At the US border, the only thing which interested the border guard was whether we had any fruits and vegetables with us. A few kilometres in, however, we knew we were in the US when MLH braked on the highway for a lane-hopping small truck driving erratically. When we passed the same truck a little later, the driver made a gun with his hand and symbolically shot MLH in the head. Welcome to Washington State.  

The first billboard we saw on our way to Seattle was an advertisement for a cannabis shop. Recreational and medical weed are legal, and in a truly American manner, the government has stayed out of it and let the market take over. The result is that cannabis supply stores are as ubiquitous as corner stores. The advertisers must make a fortune, and the local Seattle weekly magazine was announcing ‘Budtender of the Year’. “It’s 90% psychology, 10% mixology” said the 40-something female winner: “you have to work out how the customer wants to feel.” Most of her customers are either cannabis tourists from non-legalized states and countries, or people who haven’t smoked since the 70s, she said. A conference for ‘Women in Weed’ was planned for September – it’s entrepreneurial heaven.

Pike Place Market

I thought it might take a halo of smoke from a joint to make Seattle prettier – I found it a gritty, unattractive city in the main. Like Toronto, there is a horrible concrete jungle of highways going right along the waterfront. This detracts from the buzzing Pike Place Market, full of fish and seafood, and the original Starbucks Coffee Shop, which had a huge line of tourists waiting outside it. We did enjoy some good seafood in a pub on the waterfront, watched the ferries going to and from the US Gulf Islands, and the crew of a naval frigate dressed in summer whites coming and going from the ship through three lines of security provided by the US Marines.

We spent the next morning touring the largest building by volume in the world, the Boeing commercial aircraft assembly plant. Fascinating. It has 35,000 workers and enough orders for its 787 long haul passenger jets to last until 2020. Interesting to see lean manufacturing at work on such as scale (no photos as this was strictly verboten but imagine six football stadiums side by side with underground corridors to bring in the parts and overhead cranes and pulleys to move things around, and each stadium has three to four planes in assembly). The new planes are made with composite materials, are lighter, take less fuel and can travel further than their predecessors. Airbus, of course, has come out with a competing model.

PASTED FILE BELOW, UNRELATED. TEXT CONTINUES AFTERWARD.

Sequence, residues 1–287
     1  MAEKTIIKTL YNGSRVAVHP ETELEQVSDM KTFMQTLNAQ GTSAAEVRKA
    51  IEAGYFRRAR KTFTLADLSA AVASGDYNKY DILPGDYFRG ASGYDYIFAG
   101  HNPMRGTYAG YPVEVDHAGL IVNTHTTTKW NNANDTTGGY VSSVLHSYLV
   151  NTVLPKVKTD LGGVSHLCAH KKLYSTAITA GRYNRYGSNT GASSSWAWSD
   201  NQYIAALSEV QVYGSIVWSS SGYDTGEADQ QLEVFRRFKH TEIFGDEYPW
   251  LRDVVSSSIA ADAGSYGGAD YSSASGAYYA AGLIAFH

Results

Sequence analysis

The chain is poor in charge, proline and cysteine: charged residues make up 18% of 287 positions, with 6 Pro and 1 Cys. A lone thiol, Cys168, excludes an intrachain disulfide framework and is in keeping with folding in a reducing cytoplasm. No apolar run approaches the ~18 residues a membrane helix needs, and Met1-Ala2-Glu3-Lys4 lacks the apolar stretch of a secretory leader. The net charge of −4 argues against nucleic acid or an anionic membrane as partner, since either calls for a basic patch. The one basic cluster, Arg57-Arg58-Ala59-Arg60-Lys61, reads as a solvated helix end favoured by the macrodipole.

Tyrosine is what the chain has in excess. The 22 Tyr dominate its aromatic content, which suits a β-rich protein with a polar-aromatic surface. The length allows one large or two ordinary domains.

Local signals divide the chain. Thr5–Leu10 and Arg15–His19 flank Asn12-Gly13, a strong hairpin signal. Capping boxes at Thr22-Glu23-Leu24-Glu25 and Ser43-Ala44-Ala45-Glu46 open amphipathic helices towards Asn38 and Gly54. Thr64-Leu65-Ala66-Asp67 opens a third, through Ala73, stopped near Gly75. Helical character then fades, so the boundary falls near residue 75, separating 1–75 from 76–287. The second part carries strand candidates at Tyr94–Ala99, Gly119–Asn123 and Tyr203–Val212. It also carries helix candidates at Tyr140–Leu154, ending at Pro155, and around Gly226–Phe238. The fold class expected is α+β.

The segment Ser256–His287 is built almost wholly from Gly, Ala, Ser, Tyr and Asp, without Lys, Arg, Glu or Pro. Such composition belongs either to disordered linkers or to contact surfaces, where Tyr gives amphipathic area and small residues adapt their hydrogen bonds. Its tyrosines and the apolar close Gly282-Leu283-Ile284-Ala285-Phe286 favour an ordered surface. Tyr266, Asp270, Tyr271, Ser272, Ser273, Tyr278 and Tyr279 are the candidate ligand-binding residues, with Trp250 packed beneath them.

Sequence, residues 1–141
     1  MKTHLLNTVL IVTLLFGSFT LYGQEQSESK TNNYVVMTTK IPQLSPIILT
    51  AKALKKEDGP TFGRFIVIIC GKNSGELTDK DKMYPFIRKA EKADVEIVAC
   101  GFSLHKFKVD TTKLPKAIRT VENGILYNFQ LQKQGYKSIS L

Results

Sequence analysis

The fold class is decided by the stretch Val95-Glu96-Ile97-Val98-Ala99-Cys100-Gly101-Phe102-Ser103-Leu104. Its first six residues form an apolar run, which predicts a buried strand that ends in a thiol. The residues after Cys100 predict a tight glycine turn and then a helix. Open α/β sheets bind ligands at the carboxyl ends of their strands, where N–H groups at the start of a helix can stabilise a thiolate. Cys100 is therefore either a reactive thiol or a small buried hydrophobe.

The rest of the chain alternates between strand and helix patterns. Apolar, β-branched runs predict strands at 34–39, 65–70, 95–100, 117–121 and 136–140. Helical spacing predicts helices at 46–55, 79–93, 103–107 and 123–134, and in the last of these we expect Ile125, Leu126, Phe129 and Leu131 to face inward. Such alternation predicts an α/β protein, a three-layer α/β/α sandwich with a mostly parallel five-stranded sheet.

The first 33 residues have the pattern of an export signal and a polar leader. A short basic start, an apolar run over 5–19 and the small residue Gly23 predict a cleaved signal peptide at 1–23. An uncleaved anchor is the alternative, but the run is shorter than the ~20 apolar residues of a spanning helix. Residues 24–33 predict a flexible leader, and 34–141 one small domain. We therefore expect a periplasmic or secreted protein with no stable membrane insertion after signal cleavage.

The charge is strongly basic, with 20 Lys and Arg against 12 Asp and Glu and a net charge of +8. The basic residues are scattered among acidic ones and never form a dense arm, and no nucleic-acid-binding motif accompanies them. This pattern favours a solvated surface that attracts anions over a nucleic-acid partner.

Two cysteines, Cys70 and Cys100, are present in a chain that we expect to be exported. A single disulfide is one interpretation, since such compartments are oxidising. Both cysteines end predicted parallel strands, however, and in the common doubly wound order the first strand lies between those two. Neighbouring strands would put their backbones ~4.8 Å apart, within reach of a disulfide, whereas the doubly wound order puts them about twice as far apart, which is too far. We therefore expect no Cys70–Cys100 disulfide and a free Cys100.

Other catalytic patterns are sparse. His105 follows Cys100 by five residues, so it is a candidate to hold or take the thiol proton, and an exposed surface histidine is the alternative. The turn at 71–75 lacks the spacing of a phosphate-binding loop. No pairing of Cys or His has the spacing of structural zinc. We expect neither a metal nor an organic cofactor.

Boeing flight deck
Sunset over Ballard

That evening we went to Ballard, just north of Seattle, to see the locks and the artificial salmon ladder built with the locks about 100 years ago to allow the salmon to do their migration from the ocean to the river to spawn. The ladder has viewing panels, and we watched four types of salmon jumping upstream. The viewers cheered every time a salmon made it. Just like the Olympics.

Mount St Helens
Temperature reading

On our way South to Oregon we diverted inland to Mount St Helens to see the active volcano and drove into some temperature records. 43.5C, 110F. Even MLH was slightly stunned, and a little worried about our water supply. A guide told us about the dramatic eruption of the volcano in 1980, where the whole of the mountain side blew off. Unfortunately, the geologists were expecting an upward rather than sideways eruption and didn’t evacuate far enough. 57 people were killed in a 20-mile radius.

Springfield Oregan

One of the joys of unplanned travel is that you sometimes end up in gentle university towns such as Eugene, Oregon, meeting locals at a pub who recommend visiting tiny towns such as Springfield, Oregon. These towns always have at least one celebrity, and in sleepy, antique-shop-filled Springfield’s case it is Ken Kesey, author of ‘One Flew Over the Cuckoo’s Nest’. The mural celebrating him was impressive; they put it up in four days. It was in Springfield that MLH found a pair of binoculars in a thrift store (for $6!), and presented them to me on a plate, because I had bet him he could not find a pair and if he did, I would eat them.

Dunes Oregan

The Pacific Coastal Highway in California is famous, but I found the section in Oregon on our way to California enchanting. The first part displays the most enormous sand dunes I have ever seen, along the beach and the rivers. They are 100-200 feet high and anchored by pine trees. Next, we drove along the cliffs and through Redwood forests. The temperature dropped dramatically, and fog rolled in morning and night. The small ports serve the lumber and fishing industries. We weren’t thrilled to have found Eureka, Oregon – our motel was grotty – but had delicious fish and chips there and noted the tsunami and earthquake warnings. Better get prepared for the next leg of our trip – California – which after Eureka must be a ten on the Richter scale.

Redwood forest
Tsunami warning Eureka